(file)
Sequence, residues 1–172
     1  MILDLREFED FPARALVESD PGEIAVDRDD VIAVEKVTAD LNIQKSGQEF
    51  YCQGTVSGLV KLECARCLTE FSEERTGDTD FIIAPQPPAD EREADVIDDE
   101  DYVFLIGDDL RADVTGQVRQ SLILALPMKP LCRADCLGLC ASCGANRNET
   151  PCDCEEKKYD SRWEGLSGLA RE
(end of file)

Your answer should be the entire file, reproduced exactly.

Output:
Sequence, residues 1–172
     1  MILDLREFED FPARALVESD PGEIAVDRDD VIAVEKVTAD LNIQKSGQEF
    51  YCQGTVSGLV KLECARCLTE FSEERTGDTD FIIAPQPPAD EREADVIDDE
   101  DYVFLIGDDL RADVTGQVRQ SLILALPMKP LCRADCLGLC ASCGANRNET
   151  PCDCEEKKYD SRWEGLSGLA RE